Just recently learned about Okapi BM25 as a better information retrieval function for search engines (after the widely used “vanilla” TF/IDF) and it is hands down the best comp sci name I’ve come across. “Okapi BM25”, damn. Some history.
Karen Spärck Jones was a pioneering British computer scientist responsible for the concept of inverse document frequency (1972); Elasticsearch still uses TF/IDF as part of its full-text scoring algorithm as of today. it’s cheap to run and tremendously useful.
TF/IDF stands for “term frequency/inverse document frequency”. The main ideas behind it are:
A document is more relevant if the term we’re looking for appears often in that document (e.g., “quick” has a frequency of 2 in “the quick brown fox jumps over the quick dog”) but only a frequency of 1 in “the quick brown fox” (hence less relevant)
A document is more relevant if the term it is matching is not as common (e.g., documents with term “quick” will likely be more relevant than documents with more general term “the”); Another better example would be, if you have a blog about birds the word “sparrow” will be more relevant than “bird”, since it is likely many documents will mention “bird” (maybe all of them), but only one or two will mention [house] “sparrow” (cute Passer domesticus species)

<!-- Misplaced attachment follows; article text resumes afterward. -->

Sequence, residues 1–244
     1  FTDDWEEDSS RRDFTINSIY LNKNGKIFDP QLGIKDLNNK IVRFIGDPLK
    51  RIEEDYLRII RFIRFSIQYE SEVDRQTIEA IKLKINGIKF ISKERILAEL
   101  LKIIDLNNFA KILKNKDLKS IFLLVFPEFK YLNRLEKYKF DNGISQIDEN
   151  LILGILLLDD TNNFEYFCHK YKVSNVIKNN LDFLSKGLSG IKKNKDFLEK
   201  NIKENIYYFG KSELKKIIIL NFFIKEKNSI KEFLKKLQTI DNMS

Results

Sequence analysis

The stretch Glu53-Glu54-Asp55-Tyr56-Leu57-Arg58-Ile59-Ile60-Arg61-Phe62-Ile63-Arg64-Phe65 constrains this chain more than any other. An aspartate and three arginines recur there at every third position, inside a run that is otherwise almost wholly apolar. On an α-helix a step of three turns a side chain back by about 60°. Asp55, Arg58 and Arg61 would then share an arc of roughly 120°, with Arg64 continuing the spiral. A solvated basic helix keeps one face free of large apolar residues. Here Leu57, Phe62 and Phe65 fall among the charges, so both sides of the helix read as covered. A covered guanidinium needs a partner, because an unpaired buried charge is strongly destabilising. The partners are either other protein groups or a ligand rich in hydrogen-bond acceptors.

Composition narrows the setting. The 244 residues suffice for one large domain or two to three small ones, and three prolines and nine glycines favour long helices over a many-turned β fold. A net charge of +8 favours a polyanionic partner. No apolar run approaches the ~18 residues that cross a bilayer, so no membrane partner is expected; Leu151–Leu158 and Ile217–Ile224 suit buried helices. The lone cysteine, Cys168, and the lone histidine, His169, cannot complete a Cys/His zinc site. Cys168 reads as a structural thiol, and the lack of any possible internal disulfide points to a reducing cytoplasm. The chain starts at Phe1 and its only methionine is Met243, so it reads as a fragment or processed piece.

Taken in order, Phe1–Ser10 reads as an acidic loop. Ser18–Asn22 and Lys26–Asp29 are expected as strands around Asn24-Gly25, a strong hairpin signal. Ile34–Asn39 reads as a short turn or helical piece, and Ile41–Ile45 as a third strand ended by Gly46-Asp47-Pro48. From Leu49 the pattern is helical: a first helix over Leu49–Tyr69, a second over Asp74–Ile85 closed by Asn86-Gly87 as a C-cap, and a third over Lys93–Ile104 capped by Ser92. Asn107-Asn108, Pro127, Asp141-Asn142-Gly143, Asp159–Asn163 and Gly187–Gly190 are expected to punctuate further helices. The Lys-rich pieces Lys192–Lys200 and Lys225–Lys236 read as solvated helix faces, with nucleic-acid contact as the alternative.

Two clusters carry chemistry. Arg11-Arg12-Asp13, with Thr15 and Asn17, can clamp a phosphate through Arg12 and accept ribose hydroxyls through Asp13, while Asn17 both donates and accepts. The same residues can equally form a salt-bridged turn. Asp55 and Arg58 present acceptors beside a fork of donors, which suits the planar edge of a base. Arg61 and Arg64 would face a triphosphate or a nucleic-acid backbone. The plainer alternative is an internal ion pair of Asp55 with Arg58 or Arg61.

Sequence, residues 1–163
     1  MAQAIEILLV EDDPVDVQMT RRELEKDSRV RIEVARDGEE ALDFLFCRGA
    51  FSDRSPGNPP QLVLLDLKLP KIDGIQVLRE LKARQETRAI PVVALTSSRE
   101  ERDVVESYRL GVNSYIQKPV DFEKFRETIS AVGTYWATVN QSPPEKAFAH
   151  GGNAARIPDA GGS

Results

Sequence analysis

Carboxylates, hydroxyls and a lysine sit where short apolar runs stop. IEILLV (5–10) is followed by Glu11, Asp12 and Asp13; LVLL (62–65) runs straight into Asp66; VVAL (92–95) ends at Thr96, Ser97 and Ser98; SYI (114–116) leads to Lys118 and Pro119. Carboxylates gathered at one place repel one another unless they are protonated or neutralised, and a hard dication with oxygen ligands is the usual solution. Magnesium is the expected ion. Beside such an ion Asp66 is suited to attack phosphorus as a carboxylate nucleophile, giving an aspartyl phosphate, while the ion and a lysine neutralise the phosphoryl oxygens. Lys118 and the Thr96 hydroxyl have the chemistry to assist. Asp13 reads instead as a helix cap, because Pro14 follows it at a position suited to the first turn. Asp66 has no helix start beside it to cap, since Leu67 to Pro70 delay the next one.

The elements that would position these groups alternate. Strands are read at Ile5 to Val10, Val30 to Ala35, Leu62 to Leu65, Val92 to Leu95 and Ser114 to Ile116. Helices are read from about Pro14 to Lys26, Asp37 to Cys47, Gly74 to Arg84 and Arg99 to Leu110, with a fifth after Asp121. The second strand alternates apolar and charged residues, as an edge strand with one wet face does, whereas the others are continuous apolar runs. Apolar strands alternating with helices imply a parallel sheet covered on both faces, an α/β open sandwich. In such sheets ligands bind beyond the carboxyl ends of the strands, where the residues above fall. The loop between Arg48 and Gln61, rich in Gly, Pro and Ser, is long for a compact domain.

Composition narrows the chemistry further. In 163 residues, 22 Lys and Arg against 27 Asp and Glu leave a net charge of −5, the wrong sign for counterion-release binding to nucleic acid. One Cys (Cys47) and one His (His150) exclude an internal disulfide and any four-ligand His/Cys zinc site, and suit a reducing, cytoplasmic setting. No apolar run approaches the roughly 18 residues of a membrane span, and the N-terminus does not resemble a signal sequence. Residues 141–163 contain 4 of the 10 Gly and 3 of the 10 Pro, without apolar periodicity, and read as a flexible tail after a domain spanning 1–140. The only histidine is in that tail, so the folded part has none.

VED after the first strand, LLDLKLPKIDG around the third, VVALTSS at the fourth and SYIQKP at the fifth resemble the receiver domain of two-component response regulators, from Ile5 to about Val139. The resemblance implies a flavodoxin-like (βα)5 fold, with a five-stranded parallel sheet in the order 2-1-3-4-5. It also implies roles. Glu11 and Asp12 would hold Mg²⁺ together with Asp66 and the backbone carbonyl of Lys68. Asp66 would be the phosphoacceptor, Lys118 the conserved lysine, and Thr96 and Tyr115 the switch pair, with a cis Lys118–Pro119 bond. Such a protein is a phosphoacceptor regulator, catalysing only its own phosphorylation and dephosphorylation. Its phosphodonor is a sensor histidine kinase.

The (simplified) formula as explained in Elasticsearch: The Definitive Guide is as follows:
scoring(q, d) = ∑ ( tf(t in d) idf(t)² t.getBoost() norm(t,d) ) (t in q)
Essentially, we score results of a query over a set of documents by taking into account the term frequency, inverse document frequency, boosting and field-length norm.
By boosting, we can attribute more relevance to certain terms.
Field-length norm indicates relevance of term in the context of that document – the bigger the document, the less relevant it is (e.g., if “quick” appears in text “quick: a novel” it is more relevant than it appearing in bigger text “the quick brown fox jumps over the lazy dog”).
Enter Okapi BM25, the TF/IDF scoring default in Elasticsearch – whilst vanilla TF/IDF favours term frequency within a document and penalizes term prevalence across documents, Okapi BM 25 takes it further and weighs in average document size and term frequency saturation.
Average document size is important as a way to normalize field-length norm. “quick” is only more relevant in “quick: a novel” if that’s the average size for our set of documents.
Term frequency saturation is used to slow down (even set an upper bound) on term frequency relevance. “quick” is relevant if it appears twice in a document. it is more relevant if it appears 3 times. but appearing 4, 5+ times is not much more relevant between them. It’s saturated.
The name of the actual ranking function is BM25 (for “best matching 25”). The fuller name, Okapi BM25, includes the name of the first system to use it, which was the Okapi information retrieval system, implemented at London’s City University in the 1980s and 1990s.